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Seed Crops

Arizona produces many seed crops that are grown for planting and exported globally. These seed crops can be damaged by a number of pests and diseases that are monitored and inspected for by the Plant Services Division. Their presence alone can be enough to disqualify a seed crop for export, or limit a product’s marketability.

Safeguarding Arizona’s seed production industry is accomplished through regulating commodities that are imported to Arizona that could harbor a dangerous plant pest and could potentially have a detrimental effect on the seed industry. Inspections and surveys for plant pests and diseases that could damage plant health and the marketability of a seed crop focus on a number of issues, like noxious weeds, insect pests and a variety of diseases. Some seed products that have been genetically modified must be approved by USDA-APHIS before being imported or exported. More information can be found the USDA-APHIS website. The Arizona Crop Improvement Association assists the Division in certifying seed products for export.

Importing seed:
Depending on the state, there are certain requirements for seed quality standards and seed health. Seed quality standards are regulated by the Departments, Environmental Services Division (ESD) and health standards, like lettuce mosaic virus (under A.A.C. R3-4-233), are regulated by the Plant Services Division (PSD). For more information on selling or labeling seed in Arizona please contact ESD at (602) 542-4499.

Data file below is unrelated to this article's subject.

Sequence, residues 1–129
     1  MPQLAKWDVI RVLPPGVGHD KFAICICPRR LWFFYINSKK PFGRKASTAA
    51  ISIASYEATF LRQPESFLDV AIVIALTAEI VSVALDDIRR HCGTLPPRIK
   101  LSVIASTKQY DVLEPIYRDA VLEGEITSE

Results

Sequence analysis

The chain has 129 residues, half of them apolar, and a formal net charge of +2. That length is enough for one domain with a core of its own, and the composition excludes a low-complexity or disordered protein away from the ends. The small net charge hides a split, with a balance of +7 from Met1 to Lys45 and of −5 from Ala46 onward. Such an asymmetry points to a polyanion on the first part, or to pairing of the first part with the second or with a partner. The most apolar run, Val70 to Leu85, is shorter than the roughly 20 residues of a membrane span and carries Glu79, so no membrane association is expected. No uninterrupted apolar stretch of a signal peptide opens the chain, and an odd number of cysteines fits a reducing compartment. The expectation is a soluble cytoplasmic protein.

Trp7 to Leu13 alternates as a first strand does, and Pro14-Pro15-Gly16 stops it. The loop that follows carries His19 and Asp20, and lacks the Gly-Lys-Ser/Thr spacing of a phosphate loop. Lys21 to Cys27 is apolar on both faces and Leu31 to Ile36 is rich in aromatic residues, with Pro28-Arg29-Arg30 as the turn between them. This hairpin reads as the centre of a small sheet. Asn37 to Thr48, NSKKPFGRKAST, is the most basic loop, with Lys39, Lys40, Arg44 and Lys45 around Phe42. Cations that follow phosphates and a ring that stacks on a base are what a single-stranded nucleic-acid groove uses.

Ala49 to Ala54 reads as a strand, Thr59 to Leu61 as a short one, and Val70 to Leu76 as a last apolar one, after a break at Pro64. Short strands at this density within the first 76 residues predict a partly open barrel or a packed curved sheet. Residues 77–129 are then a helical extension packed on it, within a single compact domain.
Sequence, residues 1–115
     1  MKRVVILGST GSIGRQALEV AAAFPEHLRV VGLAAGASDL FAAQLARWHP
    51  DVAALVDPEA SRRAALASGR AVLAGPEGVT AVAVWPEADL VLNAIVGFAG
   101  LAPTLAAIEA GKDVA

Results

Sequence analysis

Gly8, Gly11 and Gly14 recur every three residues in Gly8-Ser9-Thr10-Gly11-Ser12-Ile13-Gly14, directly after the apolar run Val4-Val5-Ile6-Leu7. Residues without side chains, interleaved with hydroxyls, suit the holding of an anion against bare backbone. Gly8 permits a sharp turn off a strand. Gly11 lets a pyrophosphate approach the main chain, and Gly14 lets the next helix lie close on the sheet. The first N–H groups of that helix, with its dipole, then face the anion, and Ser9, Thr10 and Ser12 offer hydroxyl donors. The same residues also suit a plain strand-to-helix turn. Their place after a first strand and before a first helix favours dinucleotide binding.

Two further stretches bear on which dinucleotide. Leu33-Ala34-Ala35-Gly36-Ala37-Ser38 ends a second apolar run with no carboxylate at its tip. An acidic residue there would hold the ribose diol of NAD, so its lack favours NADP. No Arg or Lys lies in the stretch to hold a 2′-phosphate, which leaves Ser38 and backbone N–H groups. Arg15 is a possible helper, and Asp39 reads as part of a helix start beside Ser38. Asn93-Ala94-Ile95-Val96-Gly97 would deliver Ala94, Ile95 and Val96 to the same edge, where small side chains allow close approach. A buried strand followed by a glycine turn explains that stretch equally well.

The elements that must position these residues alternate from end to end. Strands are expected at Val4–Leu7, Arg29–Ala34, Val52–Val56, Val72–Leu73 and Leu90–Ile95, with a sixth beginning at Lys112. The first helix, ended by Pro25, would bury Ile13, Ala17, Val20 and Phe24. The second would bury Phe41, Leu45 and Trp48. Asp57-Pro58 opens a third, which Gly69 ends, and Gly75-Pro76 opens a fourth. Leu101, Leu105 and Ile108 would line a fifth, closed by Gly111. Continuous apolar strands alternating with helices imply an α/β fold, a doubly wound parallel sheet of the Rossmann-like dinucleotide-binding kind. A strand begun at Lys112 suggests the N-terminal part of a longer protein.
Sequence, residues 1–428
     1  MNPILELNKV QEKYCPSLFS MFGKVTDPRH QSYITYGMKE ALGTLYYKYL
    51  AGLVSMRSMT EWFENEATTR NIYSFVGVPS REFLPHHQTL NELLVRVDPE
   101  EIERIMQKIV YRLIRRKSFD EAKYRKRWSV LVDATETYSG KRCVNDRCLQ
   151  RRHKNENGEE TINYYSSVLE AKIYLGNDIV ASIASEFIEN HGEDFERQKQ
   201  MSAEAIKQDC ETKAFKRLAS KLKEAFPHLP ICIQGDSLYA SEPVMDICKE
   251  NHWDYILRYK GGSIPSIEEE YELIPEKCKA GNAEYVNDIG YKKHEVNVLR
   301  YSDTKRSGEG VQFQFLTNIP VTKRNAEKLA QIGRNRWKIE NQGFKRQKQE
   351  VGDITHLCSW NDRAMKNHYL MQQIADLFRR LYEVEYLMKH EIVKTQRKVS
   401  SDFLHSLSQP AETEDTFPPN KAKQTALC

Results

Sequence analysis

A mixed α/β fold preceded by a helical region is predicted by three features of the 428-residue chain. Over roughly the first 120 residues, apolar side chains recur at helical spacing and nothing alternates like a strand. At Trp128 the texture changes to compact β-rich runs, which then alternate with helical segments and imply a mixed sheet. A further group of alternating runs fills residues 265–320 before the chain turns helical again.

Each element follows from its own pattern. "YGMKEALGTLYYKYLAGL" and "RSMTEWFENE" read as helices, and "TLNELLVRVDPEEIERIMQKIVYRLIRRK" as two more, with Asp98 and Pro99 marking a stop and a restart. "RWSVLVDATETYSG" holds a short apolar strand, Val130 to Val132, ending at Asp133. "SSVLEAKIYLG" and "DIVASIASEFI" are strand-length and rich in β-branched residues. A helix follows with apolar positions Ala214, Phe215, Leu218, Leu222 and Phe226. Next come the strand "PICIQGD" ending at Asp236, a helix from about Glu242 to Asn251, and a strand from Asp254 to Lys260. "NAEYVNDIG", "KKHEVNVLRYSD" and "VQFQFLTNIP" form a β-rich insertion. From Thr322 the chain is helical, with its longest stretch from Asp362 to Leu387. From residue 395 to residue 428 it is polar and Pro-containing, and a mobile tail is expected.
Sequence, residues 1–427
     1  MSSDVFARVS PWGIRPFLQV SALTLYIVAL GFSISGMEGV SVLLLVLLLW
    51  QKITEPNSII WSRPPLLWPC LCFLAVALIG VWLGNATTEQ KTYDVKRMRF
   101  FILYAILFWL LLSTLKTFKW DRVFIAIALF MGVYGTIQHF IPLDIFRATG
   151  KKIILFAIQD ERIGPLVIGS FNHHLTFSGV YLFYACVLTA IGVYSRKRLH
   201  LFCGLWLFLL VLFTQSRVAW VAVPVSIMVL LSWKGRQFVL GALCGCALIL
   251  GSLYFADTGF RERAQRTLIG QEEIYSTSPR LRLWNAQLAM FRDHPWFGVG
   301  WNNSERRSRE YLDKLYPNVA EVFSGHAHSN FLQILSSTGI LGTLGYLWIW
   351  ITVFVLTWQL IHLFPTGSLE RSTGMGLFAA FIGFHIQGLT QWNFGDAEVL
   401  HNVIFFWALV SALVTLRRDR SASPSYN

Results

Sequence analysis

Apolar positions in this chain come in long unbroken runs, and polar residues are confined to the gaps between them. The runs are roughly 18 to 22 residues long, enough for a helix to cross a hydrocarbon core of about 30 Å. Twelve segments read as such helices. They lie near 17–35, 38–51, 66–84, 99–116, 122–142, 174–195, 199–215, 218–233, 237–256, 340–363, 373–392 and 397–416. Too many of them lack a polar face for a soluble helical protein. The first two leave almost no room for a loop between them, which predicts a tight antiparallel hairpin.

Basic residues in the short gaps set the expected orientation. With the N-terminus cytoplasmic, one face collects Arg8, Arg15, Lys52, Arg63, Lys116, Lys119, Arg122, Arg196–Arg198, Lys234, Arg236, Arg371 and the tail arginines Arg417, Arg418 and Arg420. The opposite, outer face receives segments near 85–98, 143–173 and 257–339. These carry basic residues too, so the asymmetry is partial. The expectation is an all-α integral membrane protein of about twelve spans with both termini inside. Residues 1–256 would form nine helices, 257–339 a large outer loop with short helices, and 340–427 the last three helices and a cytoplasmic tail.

Frequently Asked Questions

Why do I have to have my seed tested?

The answer to this is two-fold:

It is the law. Arizona and the Federal government both have laws outlining and regulating the way seed is to be sold in the state. The definitions and protocols are quite specific as to what is to be done, how it is to be done, and when it is to be done.

It is consumer protection. Anyone that goes into an establishment to buy seed needs to know that the seed in that package is what the labeler claims it is and that it will perform at a certain level. As a regulator it is our job to sample seed has it comes into the state and as it appears on the store shelves to make sure the public is getting what they are paying for.For more information, call (602) 542-0986.

Do I have to have a license to sell or label seed in Arizona?

Yes, you must have a license to either sell or label seed in Arizona.

Will the State Agricultural Lab test my seed for me?

The State Agricultural Lab (SAL) can test seed for the public but only if the seed will be exported out of the country. The majority of the seed testing done at SAL is regulatory samples obtained by ADA inspectors.

For more information, call (602) 744-4901.

Seed Crops Arizona produces many seed crops that are grown for planting and exported globally. These seed crops can be damaged by a number of pests and diseases that are monitored and inspected

Arizona seed

Due to overwhelming demand please allow 2-3 weeks for orders containing seeds.

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Let customers speak for us